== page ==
The Bonus March
As the third bleak winter of the Great Depression passed in 1932, little hope was offered for the coming spring. Many families who had managed to support themselves thus far swallowed their pride and began to turn to the local relief agencies. Conditions had reached a point where three or four families sometimes shared a one-room shack. Some men in Chicago fought over food scraps in the trash cans outside restaurants.
As the desperation deepened, one man in Portland, Oregon, decided to do something about the situation. Walter W. Waters was a veteran who had served as a sergeant overseas during World War I in the 146th Field Artillery. Waters had been an aggressive and ambitious soldier, and now as a jobless cannery superintendent, he was anxious to do something about his situation.
In the spring of 1932 Waters began to discuss plans with other jobless veterans concerning a march on Washington, D.C. This "bonus march" was designed to persuade congressmen to pass a bill that called for immediate payment of veterans' adjusted compensation certificates. The money was not due until 1945, but the veterans' thinking was that it was better to have it early than on time so they wouldn't starve to death. The bill, however, was slowed up in the Ways and Means Committee.
When this delay became evident, Waters began to organize the veterans from Portland. Membership grew. Men were required to show evidence that they had been soldiers. All members agreed to follow the military-style leadership. On May 10 the group elected a "commander-in-chief" and "field marshall." The group began calling itself the "Bonus Expeditionary Force."
The Bonus Force set out for Washington, D.C. They made most of their progress by hopping railroad cars across the country. The group made it halfway across the nation in good time and reached East St. Louis, Illinois, on May 21, 1932.
It was in East St. Louis that the Bonus Force hit its first obstacle. Trouble began when railway police would not allow the veterans to board a Baltimore
ILLINOIS HISTORY / MAY 1993
and Ohio train. Members of the Bonus Force protested by causing mayhem—uncoupling cars and soaping the rails in the freight yard. The Governor of Illinois then called upon the National Guard. Nine units were brought in to scatter the Force. There was a general fight, but no one was seriously injured. This was known as the Battle of B & 0, and it made front-page news all over the country the following morning. The governor wanted to settle the problem quickly; therefore the state supplied trucks to carry the bonus army to the Indiana border.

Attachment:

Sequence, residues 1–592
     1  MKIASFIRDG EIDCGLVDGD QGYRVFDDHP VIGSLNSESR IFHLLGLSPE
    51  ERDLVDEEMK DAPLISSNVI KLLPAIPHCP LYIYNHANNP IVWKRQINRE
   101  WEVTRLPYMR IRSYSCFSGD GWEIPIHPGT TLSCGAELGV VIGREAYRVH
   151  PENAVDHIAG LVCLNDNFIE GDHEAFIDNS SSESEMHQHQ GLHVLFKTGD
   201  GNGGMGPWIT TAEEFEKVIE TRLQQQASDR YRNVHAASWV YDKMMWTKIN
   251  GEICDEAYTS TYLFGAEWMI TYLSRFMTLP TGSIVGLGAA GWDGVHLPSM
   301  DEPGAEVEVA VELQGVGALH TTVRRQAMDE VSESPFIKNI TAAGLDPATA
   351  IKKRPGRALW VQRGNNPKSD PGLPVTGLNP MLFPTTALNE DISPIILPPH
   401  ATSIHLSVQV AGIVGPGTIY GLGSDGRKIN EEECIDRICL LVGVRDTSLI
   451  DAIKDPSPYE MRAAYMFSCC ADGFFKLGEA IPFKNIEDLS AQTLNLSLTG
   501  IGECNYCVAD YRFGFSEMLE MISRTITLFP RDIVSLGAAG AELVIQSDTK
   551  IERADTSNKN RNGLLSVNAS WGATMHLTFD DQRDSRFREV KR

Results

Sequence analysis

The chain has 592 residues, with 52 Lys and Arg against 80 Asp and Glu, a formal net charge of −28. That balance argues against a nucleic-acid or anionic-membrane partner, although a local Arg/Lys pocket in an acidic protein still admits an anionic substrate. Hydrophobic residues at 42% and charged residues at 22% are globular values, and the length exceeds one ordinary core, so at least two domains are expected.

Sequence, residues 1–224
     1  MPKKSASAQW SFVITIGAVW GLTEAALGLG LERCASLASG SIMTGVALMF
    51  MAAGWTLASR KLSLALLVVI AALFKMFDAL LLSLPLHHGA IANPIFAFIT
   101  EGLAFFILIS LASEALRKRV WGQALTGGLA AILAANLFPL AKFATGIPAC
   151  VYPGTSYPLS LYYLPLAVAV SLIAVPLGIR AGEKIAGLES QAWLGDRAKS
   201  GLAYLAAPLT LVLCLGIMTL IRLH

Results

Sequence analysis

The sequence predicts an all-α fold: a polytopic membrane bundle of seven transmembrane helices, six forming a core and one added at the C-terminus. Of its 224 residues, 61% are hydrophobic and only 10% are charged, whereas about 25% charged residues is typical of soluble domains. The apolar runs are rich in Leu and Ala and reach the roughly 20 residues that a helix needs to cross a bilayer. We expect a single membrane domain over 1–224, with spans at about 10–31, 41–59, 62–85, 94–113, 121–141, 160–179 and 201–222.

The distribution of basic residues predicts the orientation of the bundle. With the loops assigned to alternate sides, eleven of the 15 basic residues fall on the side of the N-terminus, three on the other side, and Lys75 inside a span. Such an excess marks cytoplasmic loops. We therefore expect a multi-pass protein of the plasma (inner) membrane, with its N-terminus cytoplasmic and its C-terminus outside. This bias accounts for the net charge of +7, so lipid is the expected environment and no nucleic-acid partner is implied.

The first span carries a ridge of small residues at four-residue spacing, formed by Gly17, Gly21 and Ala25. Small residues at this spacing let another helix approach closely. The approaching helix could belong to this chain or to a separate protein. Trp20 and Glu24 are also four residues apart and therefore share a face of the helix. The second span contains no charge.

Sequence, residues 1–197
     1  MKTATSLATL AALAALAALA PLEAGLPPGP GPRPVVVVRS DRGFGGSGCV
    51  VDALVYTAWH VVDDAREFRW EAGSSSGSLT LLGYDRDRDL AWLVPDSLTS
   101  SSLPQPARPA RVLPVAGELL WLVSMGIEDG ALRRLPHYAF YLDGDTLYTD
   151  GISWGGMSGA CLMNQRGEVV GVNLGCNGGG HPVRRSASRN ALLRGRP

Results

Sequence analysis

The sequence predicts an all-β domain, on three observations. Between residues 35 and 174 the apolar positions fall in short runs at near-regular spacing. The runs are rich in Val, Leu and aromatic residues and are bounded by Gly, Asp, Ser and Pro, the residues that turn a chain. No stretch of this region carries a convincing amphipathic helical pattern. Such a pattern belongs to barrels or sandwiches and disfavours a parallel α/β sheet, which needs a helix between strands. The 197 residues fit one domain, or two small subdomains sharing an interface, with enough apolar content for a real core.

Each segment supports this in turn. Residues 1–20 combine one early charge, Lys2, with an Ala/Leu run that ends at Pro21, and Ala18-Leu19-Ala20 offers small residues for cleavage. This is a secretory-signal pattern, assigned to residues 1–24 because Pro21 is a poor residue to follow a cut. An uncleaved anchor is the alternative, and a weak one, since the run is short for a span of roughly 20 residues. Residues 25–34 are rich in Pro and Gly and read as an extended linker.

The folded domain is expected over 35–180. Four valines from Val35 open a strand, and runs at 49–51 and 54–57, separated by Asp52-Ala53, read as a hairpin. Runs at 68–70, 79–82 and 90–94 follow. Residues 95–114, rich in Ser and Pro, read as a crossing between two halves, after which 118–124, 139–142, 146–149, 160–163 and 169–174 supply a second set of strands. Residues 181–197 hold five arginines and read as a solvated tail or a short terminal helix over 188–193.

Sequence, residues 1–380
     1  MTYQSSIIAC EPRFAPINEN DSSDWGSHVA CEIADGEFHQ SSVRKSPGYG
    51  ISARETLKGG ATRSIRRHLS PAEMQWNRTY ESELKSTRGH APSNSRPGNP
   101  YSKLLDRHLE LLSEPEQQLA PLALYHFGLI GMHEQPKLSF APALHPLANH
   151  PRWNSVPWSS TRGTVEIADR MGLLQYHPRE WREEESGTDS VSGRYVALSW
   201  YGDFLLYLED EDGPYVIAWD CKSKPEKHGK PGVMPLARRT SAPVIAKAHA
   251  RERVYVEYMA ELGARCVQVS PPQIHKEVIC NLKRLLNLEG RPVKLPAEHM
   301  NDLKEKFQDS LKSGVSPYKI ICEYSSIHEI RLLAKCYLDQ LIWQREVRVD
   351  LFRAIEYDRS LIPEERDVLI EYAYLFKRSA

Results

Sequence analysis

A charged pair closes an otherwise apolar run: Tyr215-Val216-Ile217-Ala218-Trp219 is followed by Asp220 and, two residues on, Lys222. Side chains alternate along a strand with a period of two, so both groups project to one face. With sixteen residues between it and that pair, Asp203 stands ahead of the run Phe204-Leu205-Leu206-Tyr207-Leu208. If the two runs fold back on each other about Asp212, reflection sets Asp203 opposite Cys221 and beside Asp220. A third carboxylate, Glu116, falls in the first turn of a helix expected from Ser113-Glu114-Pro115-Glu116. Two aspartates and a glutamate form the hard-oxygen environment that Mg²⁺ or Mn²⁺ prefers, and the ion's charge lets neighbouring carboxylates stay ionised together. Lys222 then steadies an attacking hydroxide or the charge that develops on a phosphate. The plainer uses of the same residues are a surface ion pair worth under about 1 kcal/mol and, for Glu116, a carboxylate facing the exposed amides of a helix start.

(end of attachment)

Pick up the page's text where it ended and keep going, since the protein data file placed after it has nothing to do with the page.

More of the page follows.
Although the problem was dealt with quickly, news of the B & 0 battle spread like wildfire. As a result there was considerable sympathy for the Force, but more importantly, it spurred membership. Many new recruits formed additional branches in the Southwest and the South totaling almost five hundred new members. In the South, the new arm of the Force enjoyed quick transportation in fancy cars and hearty meals provided by the heads of the states on their route.
Another group of dissatisfied veterans from Cleveland banded together to form another branch. They made easy progress to the nation's Capitol by sending letters requesting transportation to the governors of the states that lay ahead. In every state, the request was granted. The authorities were happy to oblige the soldiers and get them out of the state before any trouble started. They knew that any large group of hungry men could be a threat to law and order. As the march toward Washington continued, the membership grew. But it was in Illinois and the events there from which the Bonus Army took momentum, drive, sympathy, and a large increase in membership.
On Memorial Day the first group arrived in Washington. The superintendent of police, Pelham D. Glassford, was sympathetic to the cause, and helped tremendously. Glassford supplied food and shelter for the men.
The congressmen were alarmed at the numbers of the veterans pouring in. They felt the pressure immediately and worried about how the city was to feed the 25,000 men that were expected. Commander Waters and the original group from Portland (that now numbered one thousand men) soon made it to Washington. Waters predicted even larger numbers. He went on to say that the Bonus Army was not leaving until the bonus was paid, even if it took until 1945.
On June 17, 1932, approximately ten thousand veterans crowded the Capitol grounds while the Bonus bill was being considered. Another ten thousand waited across the Anacostia River. When the bill failed to pass, about one thousand men left the city, but more kept pouring in.
Finally, Washington had enough. On July 28 four troops of cavalry marched into the streets. The infantrymen marched with their sabers drawn, armed with tear gas bombs, machine guns, and six tanks. They drove out the veterans, their wives, and their children by setting fires to the shacks and using tear gas. Others were allowed to gather their things and were then politely escorted out of town.
Those men and their families had served their country well. In return, their "bonus" was to be driven out of Washington. Although the action took place in Washington, D.C., the stage was set by the events that took place in East St. Louis. Illinois Senator J. Hamilton Lewis spoke to Congress strongly against the bonus demonstration. The Bonus March is one of the largest protests to occur and one of the most dramatic episodes in American history.—[From Dictionary of American Biography; Olin Dee Morrison, Illinois; American Heritage (June 1963); Robert N. Webb, The Bonus March on Washington, D.C.]
People across the country were desperate for work. In Chicago, jobless men